As we hire, we are competing with companies in Silicon Valley that are raising hundreds of millions of dollars. The salaries of Silicon Valley engineers and North American product managers are now competing with the salaries we have here in Spain. This competition for talent is for me one of the greatest challenges today.

People want to work from wherever they want and now, they have the possibility of accessing almost any startup in the world

Urdiales: In our case, we have identified two key challenges. We have done amazingly well in Europe, where we are the biggest company in our category, but we have a key challenge in front of us: becoming the global winner in the job platform category. 

To do so, we need to launch in the most competitive market, the US. This is a massive opportunity as there's not so much competition in our space. We strongly believe we can become player number one in the next 12–18 months. This is absolutely one of our biggest challenges, yet also one of our biggest opportunities.

The second challenge we have is how to build the team, create new products and keep on innovating so we can see a sustainable growth for the next 10–20 years. Right now, we're at a point where we keep growing more than 100% year on year, but if we don't keep improving our service, our platform and the technology, that growth will stop. 

There’s a lot of stuff to do to make sure the company keeps growing sustainably at more than 35–40% year-on-year for the next 20 years.

Let’s talk about Spain as an innovation ecosystem. How has being a Spanish company, or being based in Spain, helped or hindered your growth? 

Bosch: I think our case is pretty different because we were born international from the start. We built mobile apps for iOS and then for Android, and our first users were American. We’ve always been a weird Spanish startup doing things outside. A lot of people know Voicemod outside of Spain, but they didn't know we were Spanish. 

In terms of growth, we are also geographically agnostic. What helped us was having an ecosystem in Valencia, our hometown — a great ecosystem made of accelerators and angel investors. Meeting with [Telefónica's technical innovation hub] Wayra, coming to Madrid, and being invested by Telefonica all helped to boost our growth significantly. In terms of business growth, Spain today represents less than 1% of our business.

Urdiales: In our case, we have seen some challenges being a Spanish company, especially in fueling our growth. We have experienced huge growth, passing from €5m revenue to a billion in a matter of four years.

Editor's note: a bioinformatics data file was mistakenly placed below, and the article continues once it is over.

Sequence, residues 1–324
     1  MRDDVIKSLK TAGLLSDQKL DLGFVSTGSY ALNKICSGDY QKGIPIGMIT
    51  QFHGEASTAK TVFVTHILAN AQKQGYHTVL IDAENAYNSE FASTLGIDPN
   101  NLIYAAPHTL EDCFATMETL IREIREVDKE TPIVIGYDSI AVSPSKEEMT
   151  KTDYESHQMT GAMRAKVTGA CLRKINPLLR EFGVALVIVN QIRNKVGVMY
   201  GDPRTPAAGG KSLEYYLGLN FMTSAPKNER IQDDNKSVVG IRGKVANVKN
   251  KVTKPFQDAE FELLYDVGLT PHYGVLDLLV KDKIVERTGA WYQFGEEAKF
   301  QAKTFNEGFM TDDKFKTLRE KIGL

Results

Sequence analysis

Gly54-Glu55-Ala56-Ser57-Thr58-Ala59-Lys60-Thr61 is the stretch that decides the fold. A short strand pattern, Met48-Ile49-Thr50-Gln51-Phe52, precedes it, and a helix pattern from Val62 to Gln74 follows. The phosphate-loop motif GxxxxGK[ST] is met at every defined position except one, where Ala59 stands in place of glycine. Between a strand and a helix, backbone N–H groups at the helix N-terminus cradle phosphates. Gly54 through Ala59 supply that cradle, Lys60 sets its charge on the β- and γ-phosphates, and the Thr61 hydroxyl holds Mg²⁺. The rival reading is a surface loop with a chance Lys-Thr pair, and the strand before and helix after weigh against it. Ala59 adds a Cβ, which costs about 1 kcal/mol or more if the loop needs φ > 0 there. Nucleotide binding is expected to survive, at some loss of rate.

But when it came to raising funds, it was hard attracting international funds at the same valuations our competitors were getting. Investors were not believing so much in a Spanish company becoming a €5bn-plus entity in the next five years. In 2017 we were valued at 4X less than our competitors in Germany, the UK and the US which were growing less than us. Now we have improved the multiples, we are at 2.5X — still below our peers and our competitors. 

When raising funds, it was hard attracting international funds at the same valuations our competitors were getting

Things are changing. We’ve built unicorns in Spain, proving that we have companies that can perfectly go to €10bn–20bn market cap valuation in the next five years. The international investors are starting to see that. This is something that will ease things significantly for new companies coming in. 

It's also helping us now, as investors are actually seeing we can be one of those companies that’s growing sustainably for the next 10 years. It's a big change in terms of the size of the investment that can be attracted, the quality of the investors you can get, the valuation, the dilution and so on. 

How optimistic are you about the Spanish ecosystem? What are the key insights and trends in the next few years?

Bosch: I think the future is bright for the Spanish ecosystem, and we can see it in the numbers. There are some challenges in regulations, for example, in terms of taxing stock options. If we really want to compete globally in hiring people, then we should also compete in terms of how we pay our employees. Let them have stock options or any other mechanisms that retain talent.

Urdiales: I think there's a big change in ambitions, especially with the new founders in Spain. Years ago, we were starting companies to be sold for €20m, €50m, €100m. Now founders are creating companies and aiming to sell for at least €1bn. 

We're probably 20 years behind the US and 10 years behind the UK, but it's happening. The numbers are very similar to what those countries had some years ago. It's a matter of “keep on moving”: pouring more money and more investment into the ecosystem, forgetting a bit about the public sector and governments. If they create laws and regulations that favor us, good. If not, we'll make it happen, as we made it happen before.

Edited by Fock Siu Ling